The College Board used to annually publish granular breakdowns of how students scored on its Advanced Placement, or AP exams. And Jon Boeckenstedt, vice provost for enrollment management at Oregon State University, would painstakingly download each data set to translate into a more digestible format on his admissions blog.
The testing provider’s reports represented an in-depth dive into the assessments, which can earn K-12 students college credit if they receive a high enough score.
The College Board would share a state-by-state look at how high school students performed on the tests, as well as demographic data, so anyone in the public could see how students — based on their ethnicity — fared. So detailed were these summaries that one could look up, for instance, Black students’ average score on the AP Biology test for any given year.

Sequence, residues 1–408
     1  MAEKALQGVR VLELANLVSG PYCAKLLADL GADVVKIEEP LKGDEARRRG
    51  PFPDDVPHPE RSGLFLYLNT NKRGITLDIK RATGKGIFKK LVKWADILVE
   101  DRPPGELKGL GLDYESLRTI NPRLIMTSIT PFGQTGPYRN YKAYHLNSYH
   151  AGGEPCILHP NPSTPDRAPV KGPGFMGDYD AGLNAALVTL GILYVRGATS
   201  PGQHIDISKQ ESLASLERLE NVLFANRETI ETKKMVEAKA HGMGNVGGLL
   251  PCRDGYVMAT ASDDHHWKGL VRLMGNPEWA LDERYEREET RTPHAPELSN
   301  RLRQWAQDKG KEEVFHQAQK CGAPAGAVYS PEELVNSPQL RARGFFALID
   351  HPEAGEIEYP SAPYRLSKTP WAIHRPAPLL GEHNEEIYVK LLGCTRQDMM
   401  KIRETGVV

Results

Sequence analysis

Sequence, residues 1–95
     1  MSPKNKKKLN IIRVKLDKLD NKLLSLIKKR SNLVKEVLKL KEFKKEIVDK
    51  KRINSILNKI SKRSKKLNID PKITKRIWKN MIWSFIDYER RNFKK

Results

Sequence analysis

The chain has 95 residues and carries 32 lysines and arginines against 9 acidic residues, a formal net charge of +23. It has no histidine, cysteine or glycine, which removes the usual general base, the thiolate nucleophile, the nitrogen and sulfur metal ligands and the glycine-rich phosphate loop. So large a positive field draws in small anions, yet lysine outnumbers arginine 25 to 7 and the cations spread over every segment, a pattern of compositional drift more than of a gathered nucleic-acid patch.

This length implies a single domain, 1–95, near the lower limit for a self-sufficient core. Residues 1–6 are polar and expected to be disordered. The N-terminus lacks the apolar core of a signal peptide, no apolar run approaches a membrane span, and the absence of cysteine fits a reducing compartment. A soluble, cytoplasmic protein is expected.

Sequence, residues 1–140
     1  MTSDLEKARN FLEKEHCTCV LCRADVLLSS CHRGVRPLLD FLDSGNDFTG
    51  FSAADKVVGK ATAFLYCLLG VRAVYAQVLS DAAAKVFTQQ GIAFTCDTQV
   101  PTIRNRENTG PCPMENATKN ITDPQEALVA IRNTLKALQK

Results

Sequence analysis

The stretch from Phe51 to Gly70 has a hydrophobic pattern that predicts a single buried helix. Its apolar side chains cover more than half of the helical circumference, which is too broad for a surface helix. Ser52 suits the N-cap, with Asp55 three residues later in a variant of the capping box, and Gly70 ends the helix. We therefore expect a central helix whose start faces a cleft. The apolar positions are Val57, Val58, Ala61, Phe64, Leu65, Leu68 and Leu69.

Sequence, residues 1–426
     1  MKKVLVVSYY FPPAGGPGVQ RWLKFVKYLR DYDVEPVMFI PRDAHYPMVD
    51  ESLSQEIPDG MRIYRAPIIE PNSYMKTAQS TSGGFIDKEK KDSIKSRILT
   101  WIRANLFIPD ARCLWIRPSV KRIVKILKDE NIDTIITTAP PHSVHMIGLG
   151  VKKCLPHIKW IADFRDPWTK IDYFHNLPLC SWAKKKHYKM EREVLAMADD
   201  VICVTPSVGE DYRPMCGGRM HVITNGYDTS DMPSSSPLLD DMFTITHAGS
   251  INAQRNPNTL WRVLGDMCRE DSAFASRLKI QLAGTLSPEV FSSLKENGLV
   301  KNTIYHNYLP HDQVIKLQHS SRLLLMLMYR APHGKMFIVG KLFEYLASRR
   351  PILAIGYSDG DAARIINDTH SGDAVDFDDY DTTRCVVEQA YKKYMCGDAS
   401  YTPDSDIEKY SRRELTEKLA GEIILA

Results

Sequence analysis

That was up until 2021, when the College Board stopped releasing most of those data points. It still posts the number of students who tested, and how many scored in exams’ range of 1 to 5, a 5 being the highest mark. But the public could no longer sort test results by ethnicity. Read more…